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Woody > Pinus > Pinus strobus > Pinus strobus 'Sea Urchin'

Pinus strobus

'Sea Urchin'

Sea Urchin White Pine

Origin:  It was discovered as a seedling in low mounds of Vermont by Sydney Waxman of the University of Connecticut.
            Mike's Opinion

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One of the finest selections of species known as Pinus strobus 'Sea Urchin' is an excellent, slow-growing, fuzzy-looking, dwarf conifer that is perfect for small gardens or containers. This species of strobus is more blue in colour and contains long, thin needles that contribute to its soft, globular appearance. It is generally less than 90 cm in height and is very attractive to bees, butterflies, birds and other small mammals. These attributes make it an excellent addition to rock gardens and as a specimen plant in home gardens.

Michael Pascoe, NDP., ODH., CLT., MSc. (Plant Conservation)


'Sea Urchin'
Shrub (evergreen)
USDA Hardiness Zone
3a - 9b
Canadian Hardiness Zone
3 - 8
Temperature (°C)
-39.9 -(-3.8)
Temperature (°F)
-40 - 25
60 - 90 cm
60 - 90 cm
Description and Growing Information
Flowering Period
General Description
A multi-stemmed dwarf evergreen shrub with a thick, rounded pattern of growth complemented with silver-blue foliage. It is extremely compact and slow growing. It is an excellent addition to home gardens or rock gardens for its form, texture and color detail.
Works as an accent in rock gardens or small home gardens. This plant can be used in general garden use, mass plantings, hedging and screening as well as rock and alpine gardens. Its colour, texture and form sets it apart from other landscape plants with less refined foliage.
Thrives in organically rich, medium moist, well-drained loams in fully lit to partly shaded conditions. The soil must be acidic to mildly acidic or neutral (pH 5.6-7.5) for this plant to grow.
A compacted spreading form that has a globular appearance with a flattened top.
ID Characteristic
The blue-green and silver Sea Urchin White Pine can grow to a mature height of 90 cm tall and 90 cm wide. If grown under ideal conditions, this species can be expected to live past 50 years. The slow growing shrub requires and appreciates partial to full sun and partly moist soil. This plant will not tolerate standing water. This white pine prefers acidic loam soils and is subject to chlorosis (yellowing of the needles) if the soil is alkaline. A relatively sheltered area is required in order for this plant to benefit and grow. Because this shrub is a slow growing only some maintenance and upkeep is required. Trimming back the new growth of the present season is what is recommended.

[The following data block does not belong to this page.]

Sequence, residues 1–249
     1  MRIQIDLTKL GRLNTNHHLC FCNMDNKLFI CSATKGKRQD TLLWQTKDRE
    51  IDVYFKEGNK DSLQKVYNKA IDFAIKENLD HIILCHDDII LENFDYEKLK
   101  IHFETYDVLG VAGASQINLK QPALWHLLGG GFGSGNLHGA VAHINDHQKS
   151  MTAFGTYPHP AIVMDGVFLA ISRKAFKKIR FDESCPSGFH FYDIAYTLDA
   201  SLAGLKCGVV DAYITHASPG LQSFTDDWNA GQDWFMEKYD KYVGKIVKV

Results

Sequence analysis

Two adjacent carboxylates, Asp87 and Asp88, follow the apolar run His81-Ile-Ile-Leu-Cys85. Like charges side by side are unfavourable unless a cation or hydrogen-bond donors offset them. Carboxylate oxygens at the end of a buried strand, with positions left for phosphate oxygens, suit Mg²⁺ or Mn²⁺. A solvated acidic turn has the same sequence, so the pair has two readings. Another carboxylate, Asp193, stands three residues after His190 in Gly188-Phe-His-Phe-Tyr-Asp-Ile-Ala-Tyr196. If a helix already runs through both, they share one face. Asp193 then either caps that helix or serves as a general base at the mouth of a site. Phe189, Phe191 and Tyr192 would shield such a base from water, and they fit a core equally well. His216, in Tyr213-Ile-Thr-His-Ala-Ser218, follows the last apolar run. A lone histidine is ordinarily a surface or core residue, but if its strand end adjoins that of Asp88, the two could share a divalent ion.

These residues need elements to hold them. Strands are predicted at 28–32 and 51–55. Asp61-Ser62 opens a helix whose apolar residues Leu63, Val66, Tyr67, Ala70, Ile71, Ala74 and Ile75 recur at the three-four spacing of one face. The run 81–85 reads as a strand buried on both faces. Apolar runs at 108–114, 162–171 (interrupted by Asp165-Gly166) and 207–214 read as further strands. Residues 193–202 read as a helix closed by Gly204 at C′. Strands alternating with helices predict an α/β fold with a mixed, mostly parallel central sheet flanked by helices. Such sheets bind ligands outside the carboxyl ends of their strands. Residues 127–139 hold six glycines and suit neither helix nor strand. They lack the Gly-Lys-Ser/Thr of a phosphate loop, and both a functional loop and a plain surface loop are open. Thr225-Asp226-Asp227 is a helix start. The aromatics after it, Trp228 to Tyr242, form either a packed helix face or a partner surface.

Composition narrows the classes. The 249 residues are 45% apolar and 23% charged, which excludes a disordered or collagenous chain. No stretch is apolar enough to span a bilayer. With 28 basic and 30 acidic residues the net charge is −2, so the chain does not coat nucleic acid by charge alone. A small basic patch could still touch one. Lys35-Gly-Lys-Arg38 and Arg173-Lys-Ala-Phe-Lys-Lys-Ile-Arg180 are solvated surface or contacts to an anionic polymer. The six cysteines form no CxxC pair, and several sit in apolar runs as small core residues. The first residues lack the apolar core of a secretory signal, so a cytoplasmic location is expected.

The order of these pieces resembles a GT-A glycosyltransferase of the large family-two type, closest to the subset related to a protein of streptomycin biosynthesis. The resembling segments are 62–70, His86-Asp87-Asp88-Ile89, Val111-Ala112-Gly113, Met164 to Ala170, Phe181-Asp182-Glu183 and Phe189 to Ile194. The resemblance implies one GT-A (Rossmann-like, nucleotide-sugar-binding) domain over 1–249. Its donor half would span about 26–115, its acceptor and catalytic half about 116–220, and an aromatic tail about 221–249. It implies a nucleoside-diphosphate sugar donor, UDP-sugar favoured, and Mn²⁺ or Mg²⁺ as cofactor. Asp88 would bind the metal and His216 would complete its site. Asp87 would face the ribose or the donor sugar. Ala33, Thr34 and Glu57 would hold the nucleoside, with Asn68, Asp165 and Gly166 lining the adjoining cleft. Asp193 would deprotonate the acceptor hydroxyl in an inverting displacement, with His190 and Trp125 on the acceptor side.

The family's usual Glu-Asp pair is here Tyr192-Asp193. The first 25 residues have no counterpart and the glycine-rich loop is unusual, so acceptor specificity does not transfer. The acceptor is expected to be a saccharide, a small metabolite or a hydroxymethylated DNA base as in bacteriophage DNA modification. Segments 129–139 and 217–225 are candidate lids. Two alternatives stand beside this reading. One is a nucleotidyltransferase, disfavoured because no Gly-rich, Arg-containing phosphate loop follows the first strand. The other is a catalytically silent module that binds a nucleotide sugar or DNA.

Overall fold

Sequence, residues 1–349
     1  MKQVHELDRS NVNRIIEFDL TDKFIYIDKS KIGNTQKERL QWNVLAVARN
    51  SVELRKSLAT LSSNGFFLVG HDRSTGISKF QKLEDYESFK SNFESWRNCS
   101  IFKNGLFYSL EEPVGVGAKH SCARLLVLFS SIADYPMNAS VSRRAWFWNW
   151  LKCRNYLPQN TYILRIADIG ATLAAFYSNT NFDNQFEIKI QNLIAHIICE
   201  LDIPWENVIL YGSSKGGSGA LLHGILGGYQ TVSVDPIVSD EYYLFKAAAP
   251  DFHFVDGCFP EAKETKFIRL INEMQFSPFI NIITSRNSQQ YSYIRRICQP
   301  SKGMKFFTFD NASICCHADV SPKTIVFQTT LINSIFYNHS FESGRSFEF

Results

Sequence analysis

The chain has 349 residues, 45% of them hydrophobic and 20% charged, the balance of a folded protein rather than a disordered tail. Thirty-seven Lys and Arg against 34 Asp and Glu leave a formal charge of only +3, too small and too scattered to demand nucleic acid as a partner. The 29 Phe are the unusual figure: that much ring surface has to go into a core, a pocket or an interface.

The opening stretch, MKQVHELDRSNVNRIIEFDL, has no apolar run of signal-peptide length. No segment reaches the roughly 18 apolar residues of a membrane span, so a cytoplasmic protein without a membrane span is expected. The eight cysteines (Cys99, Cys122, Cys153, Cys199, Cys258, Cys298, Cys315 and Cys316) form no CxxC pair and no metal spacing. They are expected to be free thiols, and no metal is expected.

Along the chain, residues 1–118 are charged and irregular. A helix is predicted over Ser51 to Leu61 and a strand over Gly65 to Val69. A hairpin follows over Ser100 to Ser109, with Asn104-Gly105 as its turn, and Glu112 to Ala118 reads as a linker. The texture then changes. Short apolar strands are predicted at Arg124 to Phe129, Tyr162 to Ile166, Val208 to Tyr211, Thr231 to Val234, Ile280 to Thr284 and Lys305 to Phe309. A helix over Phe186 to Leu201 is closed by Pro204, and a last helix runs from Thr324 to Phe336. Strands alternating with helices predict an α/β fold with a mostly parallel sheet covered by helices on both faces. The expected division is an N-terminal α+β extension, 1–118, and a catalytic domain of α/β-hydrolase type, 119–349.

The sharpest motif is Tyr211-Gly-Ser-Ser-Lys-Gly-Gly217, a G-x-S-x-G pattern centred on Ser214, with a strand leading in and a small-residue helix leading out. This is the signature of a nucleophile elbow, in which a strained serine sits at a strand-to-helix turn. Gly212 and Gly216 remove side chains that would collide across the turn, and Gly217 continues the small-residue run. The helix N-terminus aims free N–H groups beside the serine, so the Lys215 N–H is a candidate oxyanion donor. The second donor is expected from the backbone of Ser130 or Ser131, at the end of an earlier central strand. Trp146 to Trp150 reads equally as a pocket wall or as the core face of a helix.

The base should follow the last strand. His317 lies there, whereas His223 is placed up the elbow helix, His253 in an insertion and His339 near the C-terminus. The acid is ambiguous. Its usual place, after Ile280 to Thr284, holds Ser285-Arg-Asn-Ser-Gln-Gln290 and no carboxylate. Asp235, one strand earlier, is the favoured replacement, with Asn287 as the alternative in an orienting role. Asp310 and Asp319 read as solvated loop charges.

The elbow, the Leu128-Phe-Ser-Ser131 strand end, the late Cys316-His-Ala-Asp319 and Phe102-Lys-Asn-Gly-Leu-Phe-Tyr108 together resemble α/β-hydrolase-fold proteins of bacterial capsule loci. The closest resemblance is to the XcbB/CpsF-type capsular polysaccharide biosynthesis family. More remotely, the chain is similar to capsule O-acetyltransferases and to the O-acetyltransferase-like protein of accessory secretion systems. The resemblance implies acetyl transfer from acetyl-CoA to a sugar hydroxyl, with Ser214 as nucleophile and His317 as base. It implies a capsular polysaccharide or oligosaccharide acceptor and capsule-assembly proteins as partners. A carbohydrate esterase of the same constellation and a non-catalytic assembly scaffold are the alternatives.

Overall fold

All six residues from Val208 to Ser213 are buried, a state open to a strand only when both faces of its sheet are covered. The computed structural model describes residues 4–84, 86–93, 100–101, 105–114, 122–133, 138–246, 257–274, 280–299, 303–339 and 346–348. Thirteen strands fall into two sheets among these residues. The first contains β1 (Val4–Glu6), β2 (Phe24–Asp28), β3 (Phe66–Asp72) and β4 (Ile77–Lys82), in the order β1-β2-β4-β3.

Blights and a bark condition called white pine blister rust are the most common diseases associated with this plant and may cause complications or death. Cankers and insects can also negatively affect the plant. The insects include white pine weevil, bark beetles, white pine shoot borer, Zimmerman moth larvae, pine sawfly, scale, spider mites and aphids. Some small animals can consume parts of the plant such as deer and rabbits.
Horticultural origin.
Bark/Stem Description
Young bark is often light green. Once mature, the bark turns silver and starts to crack and form scales. Heavy resin is often deposited where branches have been removed or broken.
Flower/Leaf Bud Description
Its buds elongate, causing it to grow slightly. Its protective scales vary from yellow-orange to brown in colour.
Leaf Description
Aromatic, long, less refined pine needles.
Flower Description
It is a monoecious species. Male flowers are found in clusters of cylindrical, small, yellow flowers at the branch tips. Females contain light green flowers that are shaded red located at the end of the branches as well.
Fruit Description
It is a rarity to see cones present on this species. Although, when they are present, they show in the fall. They appear slender and long (1-3 inches), broad when opened, and have scales with a rounded and slightly bent tip.
Colour Description
The silver finished needles vary in colour from a yellow-green to a pale green-blue.
Texture Description
Appears soft with a relatively fine texture. Well known for it’s unique feel and look in the landscape.
Notable Specimens
Whistling Gardens, Wilsonville, Ontario, Canada.
Can be propagated by grafting but is more commonly grown from seed. Seeds can be directly sowed outdoors in the fall and in vented containers, coldframes or unheated greenhouses in the winter. Propagation is possible indoors as well. Seedheads are bagged, removed and collected once the seeds are dry.
Bloom, Adrian, and Richard Bloom. Gardening with Conifers. Willowdale, Ont.: Firefly, 2002. Print. Bitner, Richard L. Designing with Conifers: The Best Choices for Year-round Interest in Your Garden. Portland, Or.: Timber, 2011. Print.